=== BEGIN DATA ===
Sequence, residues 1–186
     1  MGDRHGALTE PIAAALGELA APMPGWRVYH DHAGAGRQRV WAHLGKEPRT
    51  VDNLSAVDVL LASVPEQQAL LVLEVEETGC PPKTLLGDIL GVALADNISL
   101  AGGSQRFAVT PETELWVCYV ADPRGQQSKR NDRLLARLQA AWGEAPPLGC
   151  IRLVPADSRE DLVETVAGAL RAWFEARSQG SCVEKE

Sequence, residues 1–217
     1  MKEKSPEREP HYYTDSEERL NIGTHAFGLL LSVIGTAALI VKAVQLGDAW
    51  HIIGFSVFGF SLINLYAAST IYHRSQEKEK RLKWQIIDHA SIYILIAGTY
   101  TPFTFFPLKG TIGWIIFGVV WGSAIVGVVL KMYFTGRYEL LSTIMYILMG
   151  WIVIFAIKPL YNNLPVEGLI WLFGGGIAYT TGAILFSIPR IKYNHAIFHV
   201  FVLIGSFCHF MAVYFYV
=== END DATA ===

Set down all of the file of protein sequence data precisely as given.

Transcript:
Sequence, residues 1–186
     1  MGDRHGALTE PIAAALGELA APMPGWRVYH DHAGAGRQRV WAHLGKEPRT
    51  VDNLSAVDVL LASVPEQQAL LVLEVEETGC PPKTLLGDIL GVALADNISL
   101  AGGSQRFAVT PETELWVCYV ADPRGQQSKR NDRLLARLQA AWGEAPPLGC
   151  IRLVPADSRE DLVETVAGAL RAWFEARSQG SCVEKE

Sequence, residues 1–217
     1  MKEKSPEREP HYYTDSEERL NIGTHAFGLL LSVIGTAALI VKAVQLGDAW
    51  HIIGFSVFGF SLINLYAAST IYHRSQEKEK RLKWQIIDHA SIYILIAGTY
   101  TPFTFFPLKG TIGWIIFGVV WGSAIVGVVL KMYFTGRYEL LSTIMYILMG
   151  WIVIFAIKPL YNNLPVEGLI WLFGGGIAYT TGAILFSIPR IKYNHAIFHV
   201  FVLIGSFCHF MAVYFYV